Waterloo Region residents vaccinated before May 30 can book accelerated second dose starting June 23: province
Anyone living in Waterloo Region who received a first mRNA dose on or before May 30 will be able to book an accelerated second dose appointment starting next week, the province announced Thursday.
Accelerated second dose appointments will open on June 23 in Delta hot spot regions. That includes Waterloo Region, Wellington-Dufferin-Guelph, Halton, Peel, Toronto, and York, along with Hamilton, Simcoe, Muskoka and Durham.
Provincial officials also said there are plans to bring pop-up vaccination clinics to high-priority neighbourhoods in Waterloo Region. The clinics will likely accept both walk-ins and appointments, and will offer both first and second doses to eligible residents.
Earlier this week, accelerated second dose appointments were made available to Waterloo Region residents who received an mRNA vaccine on or before May 9. Anyone who falls into that timeframe can fill out a form on the region's website to ask for an earlier second dose appointment.
Over the weekend, the province also shortened the interval following a first AstraZeneca dose to eight weeks.
The National Advisory Committee on Immunization (NACI) released new recommendations for people who received a first dose of AstraZeneca on Thursday. NACI now says a second dose of Pfizer or Moderna is the preferred option. This is due to studies showing an mRNA vaccine for a second dose is more effective than AstraZeneca, and Canada has seen an increased supply of Pfizer and Moderna over the past few weeks.
Dr. Sharon Bal, who is working on the region's vaccine distribution task force, said getting AstraZeneca for one or both doses was still the right choice.
"I think the message should be, if you got two doses of AstraZeneca, that's excellent. You have good protection against illness and very good protection against serious illness and death," Dr. Bal said. "It really isn't a critique of AstraZeneca, as opposed to more evidence of the safety and the power of the mixed dosing schedule and, in particular, covering variants."
Bal added the recommendation doesn't mean you can't get a second dose of AstraZeneca or that you shouldn't. She suggests speaking to your doctor or pharmacist about what option is right for you.
COVID-19 cases and hospitalizations have spiked in Waterloo Region in recent days. On Wednesday, the region reported the most new cases of any health unit in Ontario. Officials said there are concerns about the Delta variant, which was first identified in India, spreading within the community.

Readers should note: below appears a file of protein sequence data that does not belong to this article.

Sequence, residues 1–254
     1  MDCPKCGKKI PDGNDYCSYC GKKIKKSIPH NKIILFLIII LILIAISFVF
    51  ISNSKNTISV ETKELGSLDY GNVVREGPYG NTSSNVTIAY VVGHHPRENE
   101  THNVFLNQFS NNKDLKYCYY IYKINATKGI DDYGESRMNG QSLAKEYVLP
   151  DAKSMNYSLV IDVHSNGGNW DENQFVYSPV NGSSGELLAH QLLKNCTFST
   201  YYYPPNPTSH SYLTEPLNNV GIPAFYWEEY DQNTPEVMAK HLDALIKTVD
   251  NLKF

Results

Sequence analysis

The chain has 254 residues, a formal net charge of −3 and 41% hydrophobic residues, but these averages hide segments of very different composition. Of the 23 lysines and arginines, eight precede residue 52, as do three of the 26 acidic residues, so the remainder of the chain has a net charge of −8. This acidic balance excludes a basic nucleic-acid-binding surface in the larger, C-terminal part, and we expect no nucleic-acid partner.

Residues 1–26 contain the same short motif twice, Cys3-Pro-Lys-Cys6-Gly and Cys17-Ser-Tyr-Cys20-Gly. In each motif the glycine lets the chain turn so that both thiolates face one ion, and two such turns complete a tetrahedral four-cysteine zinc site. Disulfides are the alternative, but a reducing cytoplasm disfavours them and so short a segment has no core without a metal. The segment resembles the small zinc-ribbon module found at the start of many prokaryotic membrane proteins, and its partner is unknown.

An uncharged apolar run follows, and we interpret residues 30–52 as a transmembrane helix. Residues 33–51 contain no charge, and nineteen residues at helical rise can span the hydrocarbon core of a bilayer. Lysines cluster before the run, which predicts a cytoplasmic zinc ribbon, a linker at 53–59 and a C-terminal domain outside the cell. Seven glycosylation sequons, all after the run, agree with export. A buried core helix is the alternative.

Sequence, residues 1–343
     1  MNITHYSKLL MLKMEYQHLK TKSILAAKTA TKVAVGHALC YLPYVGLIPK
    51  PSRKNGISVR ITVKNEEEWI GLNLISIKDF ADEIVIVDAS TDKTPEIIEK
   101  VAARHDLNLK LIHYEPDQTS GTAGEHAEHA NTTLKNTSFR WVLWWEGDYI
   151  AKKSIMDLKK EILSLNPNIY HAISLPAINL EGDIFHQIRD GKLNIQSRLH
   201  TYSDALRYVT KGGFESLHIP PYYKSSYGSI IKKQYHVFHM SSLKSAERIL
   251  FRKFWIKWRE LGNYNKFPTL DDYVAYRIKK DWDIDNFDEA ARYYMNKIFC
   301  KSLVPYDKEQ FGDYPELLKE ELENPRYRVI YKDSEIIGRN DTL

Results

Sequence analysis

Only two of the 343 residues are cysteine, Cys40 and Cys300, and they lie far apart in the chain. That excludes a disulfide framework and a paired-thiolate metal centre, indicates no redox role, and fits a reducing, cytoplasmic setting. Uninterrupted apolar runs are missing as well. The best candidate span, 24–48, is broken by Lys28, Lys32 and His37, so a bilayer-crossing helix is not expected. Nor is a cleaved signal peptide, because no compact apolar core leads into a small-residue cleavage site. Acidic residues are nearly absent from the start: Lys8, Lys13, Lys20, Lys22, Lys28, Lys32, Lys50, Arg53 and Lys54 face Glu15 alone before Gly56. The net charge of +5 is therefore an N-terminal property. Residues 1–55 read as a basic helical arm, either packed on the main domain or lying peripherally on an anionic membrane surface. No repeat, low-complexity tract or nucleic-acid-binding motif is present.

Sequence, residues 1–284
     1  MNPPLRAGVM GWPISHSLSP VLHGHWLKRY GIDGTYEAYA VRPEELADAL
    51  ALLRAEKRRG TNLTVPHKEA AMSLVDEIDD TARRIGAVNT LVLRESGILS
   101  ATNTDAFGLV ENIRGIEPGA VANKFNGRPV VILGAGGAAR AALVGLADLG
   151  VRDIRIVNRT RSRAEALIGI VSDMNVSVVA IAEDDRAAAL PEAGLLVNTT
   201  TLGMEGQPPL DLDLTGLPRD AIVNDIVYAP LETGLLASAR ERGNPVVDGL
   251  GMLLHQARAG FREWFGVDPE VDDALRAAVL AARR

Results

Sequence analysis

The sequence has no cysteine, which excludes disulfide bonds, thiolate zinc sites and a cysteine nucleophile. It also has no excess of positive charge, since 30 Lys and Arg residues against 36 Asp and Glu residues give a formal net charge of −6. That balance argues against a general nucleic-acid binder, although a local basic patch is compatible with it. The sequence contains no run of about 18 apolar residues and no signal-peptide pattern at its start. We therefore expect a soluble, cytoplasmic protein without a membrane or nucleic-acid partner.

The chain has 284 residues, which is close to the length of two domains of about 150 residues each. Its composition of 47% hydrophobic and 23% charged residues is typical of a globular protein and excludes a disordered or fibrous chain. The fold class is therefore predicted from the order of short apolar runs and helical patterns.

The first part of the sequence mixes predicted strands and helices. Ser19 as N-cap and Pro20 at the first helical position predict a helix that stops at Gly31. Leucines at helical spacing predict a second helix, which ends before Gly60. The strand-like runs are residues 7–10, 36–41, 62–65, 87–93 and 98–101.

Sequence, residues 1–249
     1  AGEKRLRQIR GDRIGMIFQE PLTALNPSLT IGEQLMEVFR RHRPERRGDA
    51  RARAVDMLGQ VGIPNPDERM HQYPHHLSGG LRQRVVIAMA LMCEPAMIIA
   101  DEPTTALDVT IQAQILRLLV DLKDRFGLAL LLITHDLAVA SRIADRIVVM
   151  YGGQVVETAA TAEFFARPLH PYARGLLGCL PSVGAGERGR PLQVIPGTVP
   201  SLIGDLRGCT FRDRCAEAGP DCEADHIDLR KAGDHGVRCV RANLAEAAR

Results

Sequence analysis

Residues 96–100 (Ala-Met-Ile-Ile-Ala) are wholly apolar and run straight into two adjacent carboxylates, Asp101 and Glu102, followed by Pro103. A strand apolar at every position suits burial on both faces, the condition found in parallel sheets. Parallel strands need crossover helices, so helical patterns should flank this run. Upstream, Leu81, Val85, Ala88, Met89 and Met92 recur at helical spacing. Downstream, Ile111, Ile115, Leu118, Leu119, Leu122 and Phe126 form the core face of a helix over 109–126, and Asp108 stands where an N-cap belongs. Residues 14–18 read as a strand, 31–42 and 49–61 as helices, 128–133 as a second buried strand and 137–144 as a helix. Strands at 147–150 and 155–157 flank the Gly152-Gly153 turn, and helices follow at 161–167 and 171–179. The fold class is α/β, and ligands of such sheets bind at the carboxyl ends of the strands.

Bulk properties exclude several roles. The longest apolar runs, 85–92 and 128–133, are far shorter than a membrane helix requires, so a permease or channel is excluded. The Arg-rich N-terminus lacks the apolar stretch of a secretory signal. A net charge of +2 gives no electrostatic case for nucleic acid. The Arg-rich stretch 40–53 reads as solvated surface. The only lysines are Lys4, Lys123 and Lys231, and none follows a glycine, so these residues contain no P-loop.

Speaking at a press conference on Thursday morning, Premier Doug Ford said he's been in contact with local officials.
"It's all hands on deck there," he said.
At a Board of Health meeting on Wednesday night, Medical Officer of Health Dr. Hsiu-Li Wang said the majority of Delta variant cases in the region are in unvaccinated individuals. At a large, active outbreak at a congregate setting, 87.5 per cent of cases are among unvaccinated individuals and 9.7 per cent are partially vaccinated. Only 2.8 per cent of cases are in fully vaccinated individuals, and Dr. Wang said they weren't fully protected at the time of infection.
Ford said people who aren't vaccinated could put everyone in jeopardy.
"I've always said from day one, I wouldn't force vaccinations on anyone," he said. "But, I've been encouraging everyone, every step fo the way, 100 per cent, get vaccinated because now, it affects the whole K-W area."
"Vaccines work, they are safe and effective, they will help end the pandemic," Minister of Health Christine Elliott said at a press conference Thursday. "The best vaccine for your second dose is the vaccine that is available first."
Elliott, along with Solicitor General Sylvia Jones, urged all Ontarians to book a second dose appointment as early as possible, adding the Delta variant remains a threat in the province.
Jones also added that mixing and matching vaccines is safe and effective, and will help to allow for an expedited rollout of second doses.
"We continue to make strides to speed up vaccines and get more people fully immunized earlier than originally targeted," she said.
Elliott also said the province will provide public health guidance for fully vaccinated Ontarians "shortly."